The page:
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Graves and his spokeswoman did not immediately to questions about the timing of his announcement and future plans.
It appeared to take many of his colleagues by surprise. U.S. Rep. Doug Collins issued a statement Thursday afternoon saying Graves’ absence will leave a void.
“Tom’s decision not to seek re-election leaves a major hole in the Georgia delegation,” Collins, a Gainesville Republican, said. “Throughout his time in Congress, Tom has been a prime example of the power of hard work and leadership."
Isakson, who is retiring at the end of the year and whose seat Loeffler will fill, said he was sorry to hear Graves would be stepping down.
“His rise in the U.S. House reflects his leadership and his commitment to serving others,” Isakson’s statement said. “He is one of a kind – a great Georgian, a great American and a great representative of our state.”
State Democrats cheered Graves’ decision, casting it as an acknowledgement by Graves that President Donald Trump’s administration and agenda were in trouble in 2020.
“Tom Graves is quitting Congress because he knows the same thing we do: Republicans’ time is running out,” said Scott Hogan, the executive director of the Democratic Party of Georgia.
Avery Jaffe of the Democratic Congressional Campaign Committee issued a reminder that “Republicans in safe seats don’t usually retire if they think their party is going to win back the majority in Congress next year.”
The governor, meanwhile, called him a strong conservative who was committed to “championing the values and principles that make our state and nation great.”
First elected to Congress in 2010, Graves had transformed himself from a sharp-edged bomb-thrower into a more pragmatic lawmaker over the years. That rebirth helped him amass power on Capitol Hill, but also alienated some conservatives.
A real estate investor who grew up outside of Cartersville, Graves was elected to the Georgia House at age 32, but quickly fell out of line with powerful Republican leaders.
He created the 216 Policy Group of independent conservatives that often infuriated then-House Speaker Glenn Richardson and his top allies, and then eventually aligned himself with the then-fledgling tea party movement.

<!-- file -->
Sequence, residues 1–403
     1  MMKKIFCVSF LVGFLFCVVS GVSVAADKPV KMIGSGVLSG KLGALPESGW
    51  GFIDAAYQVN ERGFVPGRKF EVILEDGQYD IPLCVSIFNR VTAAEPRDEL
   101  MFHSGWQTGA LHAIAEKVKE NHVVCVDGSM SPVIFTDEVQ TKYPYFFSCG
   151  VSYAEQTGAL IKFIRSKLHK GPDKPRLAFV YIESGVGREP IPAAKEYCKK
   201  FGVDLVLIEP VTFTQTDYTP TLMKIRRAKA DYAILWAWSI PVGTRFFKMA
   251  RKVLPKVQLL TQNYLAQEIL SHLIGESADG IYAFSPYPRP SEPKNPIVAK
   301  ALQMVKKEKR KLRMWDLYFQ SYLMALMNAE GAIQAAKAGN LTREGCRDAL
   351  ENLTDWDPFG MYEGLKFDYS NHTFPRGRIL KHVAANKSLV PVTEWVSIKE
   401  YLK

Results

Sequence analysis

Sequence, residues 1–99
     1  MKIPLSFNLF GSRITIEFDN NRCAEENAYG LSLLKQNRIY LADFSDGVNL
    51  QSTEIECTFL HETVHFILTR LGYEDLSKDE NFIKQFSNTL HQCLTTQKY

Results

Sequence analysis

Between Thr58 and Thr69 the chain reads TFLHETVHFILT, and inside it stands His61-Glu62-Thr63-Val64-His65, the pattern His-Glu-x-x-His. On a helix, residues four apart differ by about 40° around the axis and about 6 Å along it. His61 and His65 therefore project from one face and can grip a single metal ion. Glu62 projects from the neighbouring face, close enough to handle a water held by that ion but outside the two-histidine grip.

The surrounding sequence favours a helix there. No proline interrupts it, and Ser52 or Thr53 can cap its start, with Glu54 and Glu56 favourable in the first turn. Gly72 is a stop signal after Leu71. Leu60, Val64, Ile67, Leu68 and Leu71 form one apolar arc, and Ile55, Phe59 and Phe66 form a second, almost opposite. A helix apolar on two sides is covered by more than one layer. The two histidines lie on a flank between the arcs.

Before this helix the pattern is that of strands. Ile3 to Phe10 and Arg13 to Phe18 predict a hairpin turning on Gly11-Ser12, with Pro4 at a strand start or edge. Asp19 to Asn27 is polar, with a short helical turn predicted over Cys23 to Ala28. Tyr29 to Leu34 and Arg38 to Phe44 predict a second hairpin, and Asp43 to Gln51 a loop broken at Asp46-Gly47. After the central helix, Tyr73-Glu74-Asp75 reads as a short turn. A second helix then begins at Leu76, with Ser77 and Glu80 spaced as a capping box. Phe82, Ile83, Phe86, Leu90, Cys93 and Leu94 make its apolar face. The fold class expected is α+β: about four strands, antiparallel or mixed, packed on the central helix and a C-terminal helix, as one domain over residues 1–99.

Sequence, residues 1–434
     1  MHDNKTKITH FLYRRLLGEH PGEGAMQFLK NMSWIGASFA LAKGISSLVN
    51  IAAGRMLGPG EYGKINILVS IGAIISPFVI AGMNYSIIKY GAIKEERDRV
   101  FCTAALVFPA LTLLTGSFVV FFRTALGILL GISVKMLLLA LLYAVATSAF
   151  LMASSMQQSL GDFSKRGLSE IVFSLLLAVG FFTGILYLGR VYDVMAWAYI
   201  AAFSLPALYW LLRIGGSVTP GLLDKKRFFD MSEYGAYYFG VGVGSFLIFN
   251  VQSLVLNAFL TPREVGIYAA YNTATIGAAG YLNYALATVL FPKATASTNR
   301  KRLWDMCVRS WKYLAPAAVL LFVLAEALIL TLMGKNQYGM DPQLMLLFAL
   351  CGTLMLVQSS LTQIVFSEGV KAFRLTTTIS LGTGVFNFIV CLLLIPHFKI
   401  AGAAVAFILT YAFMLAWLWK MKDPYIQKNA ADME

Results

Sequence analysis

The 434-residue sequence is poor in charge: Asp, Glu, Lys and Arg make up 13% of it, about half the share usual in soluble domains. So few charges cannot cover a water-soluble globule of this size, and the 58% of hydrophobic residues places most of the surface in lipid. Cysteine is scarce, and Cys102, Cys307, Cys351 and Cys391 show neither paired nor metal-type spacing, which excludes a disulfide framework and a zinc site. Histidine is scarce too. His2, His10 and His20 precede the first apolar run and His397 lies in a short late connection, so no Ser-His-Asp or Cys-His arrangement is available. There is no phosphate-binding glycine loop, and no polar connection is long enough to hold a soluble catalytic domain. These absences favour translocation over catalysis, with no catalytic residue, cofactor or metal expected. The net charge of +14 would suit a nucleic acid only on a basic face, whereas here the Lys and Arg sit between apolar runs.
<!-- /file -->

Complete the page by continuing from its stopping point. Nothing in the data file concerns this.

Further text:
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That alliance helped bolster his 2010 bid to win a scarlet-red U.S. House district in northwest Georgia.
He’s scored overwhelming victories ever since, winning another term last year with roughly 77% of the vote by defeating a little-known Democrat who ran his campaign from a jail cell.
Once elected, Graves earned national attention as the House Republican leading the anti-Obamacare charge that led to the 2013 government shutdown.
In recent years, he’s charted a more pragmatic course, amassing influence that made him one of the most powerful Georgians in the U.S. Capitol.
However, there were setbacks along the way.
Graves unsuccessfully ran for chairman of the Republican Study Committee, an influential group of conservative lawmakers, losing to U.S. Rep. Steve Scalise in 2012. And he also lost a race to become the top-ranking Republican on the House Appropriations Committee.
As a consolation, he became the ranking GOP member on the House's modernization committee and was the only Georgia member appointed to a special committee created to figure out funding for President Donald Trump's border wall.
Long seen as a potential statewide candidate, Graves surprised insiders by not submitting his application for the open Senate seat that was filled Wednesday by Loeffler's appointment.
Graves becomes the second Georgia Republican to announce he won’t seek another term in the House after U.S. Rep. Rob Woodall, who said he was retiring shortly after winning the nation’s tightest U.S. House race in 2018.
Among the possible Republican contenders for the seat are Paulding County school board member Jason Anavitarte, state Reps. Steve Tarvin and Katie Dempsey, House Majority Whip Trey Kelley and state Sen. Jeff Mullis.
Staff writer Greg Bluestein contributed to this report.